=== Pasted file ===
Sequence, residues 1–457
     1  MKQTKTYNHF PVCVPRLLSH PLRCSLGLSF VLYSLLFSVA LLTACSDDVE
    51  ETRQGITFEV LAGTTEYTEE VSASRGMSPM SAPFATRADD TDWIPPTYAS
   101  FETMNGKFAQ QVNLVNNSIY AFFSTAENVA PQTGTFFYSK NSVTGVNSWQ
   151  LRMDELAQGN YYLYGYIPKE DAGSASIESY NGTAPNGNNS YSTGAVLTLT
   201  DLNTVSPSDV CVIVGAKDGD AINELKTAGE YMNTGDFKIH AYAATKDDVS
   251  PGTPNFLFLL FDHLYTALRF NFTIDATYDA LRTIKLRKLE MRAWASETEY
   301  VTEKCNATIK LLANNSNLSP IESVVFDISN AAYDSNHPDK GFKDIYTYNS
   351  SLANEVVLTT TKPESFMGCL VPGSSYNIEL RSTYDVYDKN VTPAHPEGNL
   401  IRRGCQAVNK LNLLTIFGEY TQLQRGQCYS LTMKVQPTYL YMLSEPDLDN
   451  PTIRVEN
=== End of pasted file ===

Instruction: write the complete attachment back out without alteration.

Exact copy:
Sequence, residues 1–457
     1  MKQTKTYNHF PVCVPRLLSH PLRCSLGLSF VLYSLLFSVA LLTACSDDVE
    51  ETRQGITFEV LAGTTEYTEE VSASRGMSPM SAPFATRADD TDWIPPTYAS
   101  FETMNGKFAQ QVNLVNNSIY AFFSTAENVA PQTGTFFYSK NSVTGVNSWQ
   151  LRMDELAQGN YYLYGYIPKE DAGSASIESY NGTAPNGNNS YSTGAVLTLT
   201  DLNTVSPSDV CVIVGAKDGD AINELKTAGE YMNTGDFKIH AYAATKDDVS
   251  PGTPNFLFLL FDHLYTALRF NFTIDATYDA LRTIKLRKLE MRAWASETEY
   301  VTEKCNATIK LLANNSNLSP IESVVFDISN AAYDSNHPDK GFKDIYTYNS
   351  SLANEVVLTT TKPESFMGCL VPGSSYNIEL RSTYDVYDKN VTPAHPEGNL
   401  IRRGCQAVNK LNLLTIFGEY TQLQRGQCYS LTMKVQPTYL YMLSEPDLDN
   451  PTIRVEN